Why You Have to Claim Certain Aid to Receive It

August 14, 2012

It's not often recognized that in order to receive some financial aid money you have to "accept" the aid first. While it may seem simple, in some colleges, it's not always clear how to go about claiming financial aid after you've been awarded. You should receive instructions to claim your Pell Grant and other scholarships within the financial aid award package, mailed to students who complete a FAFSA or apply for financial aid through their universities. The financial aid award letters detail how much you received and any actions that you have to take in order to keep this award. One of those actions should be to claim or accept your financial aid awards.

Where's Your Award

You have to make sure that you were awarded financial aid in the first place. You should have received a financial aid award letter detailing how much you were awarded from Pell Grant, scholarships, loans and fellowships. If you never received an award package, you need to check with your school's financial aid office to see if you received aid. If your school has an online system, you can check your account to see the changes made to your financial aid and also to see what awards you were given.

How to Claim the Award

At most schools, there is an online system in which you can view your account, see the award amount and choose "accept" or "reject" on an award. You can reduce the award if you are trying to claim more on your taxes, or if you just don't require as much aid as you originally applied. In some cases, you want to reduce the amount to eliminate some debt, such as with student loans, which could be offering the biggest amount for the semester, but you don't need to borrow as much. You can always go back and request more aid at a later date in the semester as long as you haven't reached the financial aid cap.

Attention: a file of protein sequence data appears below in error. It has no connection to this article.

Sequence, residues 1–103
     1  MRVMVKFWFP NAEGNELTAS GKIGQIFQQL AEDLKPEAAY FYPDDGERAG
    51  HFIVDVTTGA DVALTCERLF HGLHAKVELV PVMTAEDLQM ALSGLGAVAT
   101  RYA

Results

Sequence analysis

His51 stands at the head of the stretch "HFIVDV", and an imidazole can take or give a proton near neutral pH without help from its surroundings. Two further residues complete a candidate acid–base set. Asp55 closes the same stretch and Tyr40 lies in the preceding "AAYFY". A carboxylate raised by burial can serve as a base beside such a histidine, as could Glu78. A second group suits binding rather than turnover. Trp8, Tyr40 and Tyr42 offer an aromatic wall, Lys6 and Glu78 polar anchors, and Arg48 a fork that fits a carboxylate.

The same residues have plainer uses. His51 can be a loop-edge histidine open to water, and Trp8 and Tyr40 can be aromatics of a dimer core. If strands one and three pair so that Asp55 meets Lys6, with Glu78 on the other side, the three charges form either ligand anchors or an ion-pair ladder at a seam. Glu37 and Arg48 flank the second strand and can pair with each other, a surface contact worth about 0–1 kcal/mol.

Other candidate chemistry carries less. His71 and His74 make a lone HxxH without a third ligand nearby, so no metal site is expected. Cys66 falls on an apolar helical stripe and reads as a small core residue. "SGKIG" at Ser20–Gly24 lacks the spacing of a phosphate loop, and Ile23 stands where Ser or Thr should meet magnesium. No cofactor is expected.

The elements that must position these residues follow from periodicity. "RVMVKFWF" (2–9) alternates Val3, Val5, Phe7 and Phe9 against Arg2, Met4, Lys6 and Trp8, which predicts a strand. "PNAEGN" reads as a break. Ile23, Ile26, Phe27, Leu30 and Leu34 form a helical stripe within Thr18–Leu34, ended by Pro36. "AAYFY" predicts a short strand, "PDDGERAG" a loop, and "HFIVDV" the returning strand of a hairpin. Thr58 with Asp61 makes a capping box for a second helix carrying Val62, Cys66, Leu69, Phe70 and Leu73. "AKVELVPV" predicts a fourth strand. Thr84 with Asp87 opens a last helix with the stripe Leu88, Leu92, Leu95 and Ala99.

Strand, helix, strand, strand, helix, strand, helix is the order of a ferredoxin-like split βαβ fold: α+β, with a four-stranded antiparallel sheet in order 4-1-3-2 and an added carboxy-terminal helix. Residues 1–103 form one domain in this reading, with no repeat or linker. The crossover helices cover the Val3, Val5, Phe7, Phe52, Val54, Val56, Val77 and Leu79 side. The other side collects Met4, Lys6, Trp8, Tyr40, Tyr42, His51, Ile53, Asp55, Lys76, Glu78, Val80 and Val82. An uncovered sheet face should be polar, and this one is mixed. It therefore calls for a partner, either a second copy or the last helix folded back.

Reporting Aid for Taxes

In addition, if you are using financial aid towards anything other than school expenses, you must add that to your taxable income on your taxes. Financial aid is supposed to be used towards your tuition, school supplies, books and other school expenses. The rest can be included as taxable income that you need to pay for. In general, grants and scholarships are tax free if used for these qualified education expenses.

blog comments powered by Disqus

EducationGrants for school

Whether you’re on your way to school for the first time or thinking about finishing up a degree you should explore your options when it comes to obtaining Grants for School.

Use our FREE Custom Search Tool & see what you qualify for:

Latest Posts

Education Grants for Private School

Dec 14, 2012

Students showing remarkable talents can also get a grant for a private school, including one for younger students in middle school or high school.

Education Grants for Online Schools

Dec 13, 2012

Nowadays, more and more students are turning to online education, both for convenience and the ability to get through your coursework quickly.